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Transactions in WCF

12.26.2012
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Transaction plays an important role in any business application that involved CRUD operations. 
To implement transactions, we utilize TransactionScope class that automatically manages transactions and detect the scope of the transaction. You can apply TransactionScope on a block of code and regardless of how many WCF services instances you have opened or
operation contracts you are calling will be carried on the scope of that transaction.  For example, if you are calling three services methods and third one fails to complete the operation, transaction will be rolled back unless it’s outside the boundary of a TransactionScope.

WCF supports transaction on following bindings.

1.  WSHttpBinding

2.  NetTcpBinding

3.  NetNamedPipeBinding

4.  WSDualHttpBinding

5.  WSFederationHttpBinding

While developing a Service Contract you have to specify the TransactionFlow attribute on each
Operation Contracts that requires a Transaction to be handled. In the below code snippet there are two methods one which submit employee master information and the other that submits employee details. As both require transaction so I have specified TransactionFlow attribute on both of them.

        [OperationContract]
        [TransactionFlow(TransactionFlowOption.Allowed)]
        void CreateEmployee(Common.DataContracts.Employee employee);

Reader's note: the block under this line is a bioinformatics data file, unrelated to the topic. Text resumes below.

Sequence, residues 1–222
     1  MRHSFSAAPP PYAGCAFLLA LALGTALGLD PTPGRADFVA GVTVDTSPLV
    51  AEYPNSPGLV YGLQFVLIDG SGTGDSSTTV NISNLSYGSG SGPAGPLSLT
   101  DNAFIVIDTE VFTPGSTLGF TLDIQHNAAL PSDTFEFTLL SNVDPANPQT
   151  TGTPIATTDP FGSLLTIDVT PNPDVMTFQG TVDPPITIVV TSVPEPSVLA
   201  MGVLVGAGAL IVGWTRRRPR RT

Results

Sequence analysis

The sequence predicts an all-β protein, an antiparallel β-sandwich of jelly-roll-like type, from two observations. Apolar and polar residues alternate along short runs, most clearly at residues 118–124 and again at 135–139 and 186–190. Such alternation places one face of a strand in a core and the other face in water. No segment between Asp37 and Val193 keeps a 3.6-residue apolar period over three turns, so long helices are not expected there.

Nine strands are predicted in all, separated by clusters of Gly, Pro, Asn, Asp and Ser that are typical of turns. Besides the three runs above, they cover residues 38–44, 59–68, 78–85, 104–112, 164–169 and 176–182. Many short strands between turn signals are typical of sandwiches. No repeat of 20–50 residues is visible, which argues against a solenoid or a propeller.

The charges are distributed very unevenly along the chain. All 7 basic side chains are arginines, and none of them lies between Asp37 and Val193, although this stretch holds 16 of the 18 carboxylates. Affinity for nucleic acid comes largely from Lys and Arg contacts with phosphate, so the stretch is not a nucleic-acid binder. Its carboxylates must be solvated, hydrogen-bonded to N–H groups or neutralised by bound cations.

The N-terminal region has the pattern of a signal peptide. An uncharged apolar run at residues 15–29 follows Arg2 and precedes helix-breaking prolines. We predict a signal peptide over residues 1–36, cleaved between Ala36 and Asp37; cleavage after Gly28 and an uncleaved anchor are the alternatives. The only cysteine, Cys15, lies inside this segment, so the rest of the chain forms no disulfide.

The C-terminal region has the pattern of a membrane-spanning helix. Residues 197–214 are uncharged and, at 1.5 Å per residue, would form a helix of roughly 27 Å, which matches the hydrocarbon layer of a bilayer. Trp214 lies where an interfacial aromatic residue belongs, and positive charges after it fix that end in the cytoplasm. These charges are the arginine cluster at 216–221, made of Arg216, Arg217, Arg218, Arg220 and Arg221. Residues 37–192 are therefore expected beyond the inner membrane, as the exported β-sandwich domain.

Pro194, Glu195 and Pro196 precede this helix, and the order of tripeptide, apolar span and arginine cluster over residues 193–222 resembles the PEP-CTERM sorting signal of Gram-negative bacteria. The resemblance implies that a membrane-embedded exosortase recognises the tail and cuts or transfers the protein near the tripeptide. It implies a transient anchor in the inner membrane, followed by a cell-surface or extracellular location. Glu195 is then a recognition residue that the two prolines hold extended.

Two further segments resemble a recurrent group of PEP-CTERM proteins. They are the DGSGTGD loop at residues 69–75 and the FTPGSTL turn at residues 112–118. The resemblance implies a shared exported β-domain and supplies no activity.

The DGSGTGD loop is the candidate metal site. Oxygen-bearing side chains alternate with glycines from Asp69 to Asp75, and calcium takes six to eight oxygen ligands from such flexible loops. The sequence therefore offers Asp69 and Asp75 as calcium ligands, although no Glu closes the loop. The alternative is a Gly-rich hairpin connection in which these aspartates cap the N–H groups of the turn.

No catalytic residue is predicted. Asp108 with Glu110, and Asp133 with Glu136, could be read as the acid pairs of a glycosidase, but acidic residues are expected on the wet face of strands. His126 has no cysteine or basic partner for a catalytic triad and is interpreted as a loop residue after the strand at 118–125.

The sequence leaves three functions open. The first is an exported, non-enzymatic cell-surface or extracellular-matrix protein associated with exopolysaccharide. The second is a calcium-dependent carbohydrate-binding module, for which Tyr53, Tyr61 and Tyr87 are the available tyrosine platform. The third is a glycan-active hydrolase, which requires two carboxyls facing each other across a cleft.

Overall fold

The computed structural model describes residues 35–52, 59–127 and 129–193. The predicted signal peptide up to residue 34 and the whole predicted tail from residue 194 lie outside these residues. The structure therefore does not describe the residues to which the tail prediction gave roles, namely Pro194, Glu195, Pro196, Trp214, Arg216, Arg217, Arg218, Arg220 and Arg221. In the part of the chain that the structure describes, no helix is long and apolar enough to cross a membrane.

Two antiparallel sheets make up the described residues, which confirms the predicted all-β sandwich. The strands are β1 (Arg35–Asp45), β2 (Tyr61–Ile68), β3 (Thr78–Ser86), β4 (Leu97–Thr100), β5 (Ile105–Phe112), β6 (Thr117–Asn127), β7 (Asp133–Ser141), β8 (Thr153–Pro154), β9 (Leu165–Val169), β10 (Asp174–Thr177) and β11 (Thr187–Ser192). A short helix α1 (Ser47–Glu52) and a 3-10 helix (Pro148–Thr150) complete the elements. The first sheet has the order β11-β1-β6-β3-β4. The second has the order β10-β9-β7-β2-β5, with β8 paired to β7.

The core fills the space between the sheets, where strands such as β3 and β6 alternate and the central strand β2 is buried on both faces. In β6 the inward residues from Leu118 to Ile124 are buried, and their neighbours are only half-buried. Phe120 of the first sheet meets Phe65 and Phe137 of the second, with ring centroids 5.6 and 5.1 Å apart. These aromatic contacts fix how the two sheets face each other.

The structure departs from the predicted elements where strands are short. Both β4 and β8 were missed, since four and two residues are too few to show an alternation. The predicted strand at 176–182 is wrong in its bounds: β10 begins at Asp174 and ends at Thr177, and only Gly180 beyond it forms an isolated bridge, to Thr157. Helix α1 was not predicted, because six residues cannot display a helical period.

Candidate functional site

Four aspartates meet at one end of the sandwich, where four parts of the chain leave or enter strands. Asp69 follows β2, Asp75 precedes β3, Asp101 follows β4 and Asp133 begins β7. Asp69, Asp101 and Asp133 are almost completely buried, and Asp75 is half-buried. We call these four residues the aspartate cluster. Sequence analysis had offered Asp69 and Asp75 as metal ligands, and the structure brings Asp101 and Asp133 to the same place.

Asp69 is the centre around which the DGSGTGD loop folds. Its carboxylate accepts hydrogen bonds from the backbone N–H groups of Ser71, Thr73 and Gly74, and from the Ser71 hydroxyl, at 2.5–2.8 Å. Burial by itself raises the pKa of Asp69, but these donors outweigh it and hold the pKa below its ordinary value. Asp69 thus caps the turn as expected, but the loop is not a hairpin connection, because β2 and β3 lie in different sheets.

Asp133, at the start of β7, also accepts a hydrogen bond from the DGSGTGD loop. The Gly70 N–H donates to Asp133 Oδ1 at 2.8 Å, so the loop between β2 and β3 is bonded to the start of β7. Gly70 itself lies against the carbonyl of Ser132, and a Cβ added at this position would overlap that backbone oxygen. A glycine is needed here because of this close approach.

[OperationContract]
        [TransactionFlow(TransactionFlowOption.Allowed)]
        void SubmitEmployeeDetails(EmployeeDetails employeeDetails);

There are following flow options in the TransactionFlow attribute.

TransactionFlowOption. Allowed :Transaction can be flowed.

TransactionFlowOption.Mandatory: Transaction must be flowed.

TransactionFlowOption.NotAllowed: Transaction should not be flowed. This is default.

Next, implement the service and specify OperationBehavior  attribute on each method. You can specify the TransactionScopeRequired property as true or false.

[OperationBehavior(TransactionScopeRequired= true)]
public void CreateEmployee(Common.DataContracts.Employee employee){

}

Now enable the Transaction on the binding itself. Open your web.config file and specify the transactionflow = true as follows

<wsHttpBinding>
          <binding name="TransactionalBind" transactionFlow="true"/>      
</wsHttpBinding>

Now add service reference and consume the service. While calling CreateEmployee and SubmitEmployeeDetails method you have to put them in the TransactionScope block and if any of the method fails, the transaction will be rollback.

using (TransactionScope scope = new TransactionScope())
{
try
{

 Services.EmployeeService.EmployeeServiceClient()
  clientobj = new Services.EmployeeService.EmployeeServiceClient();

 clientobj.CreateEmployee(employeeObj);
 clientobj.CreateEmployeeDetails(employeeObjDetails);
 scope.Complete();
}
catch (Exception ex)
{
  scope.Dispose();

}
}

Happy Coding!



 







Published at DZone with permission of Ovais Mehboob Ahmed Khan, author and DZone MVB.

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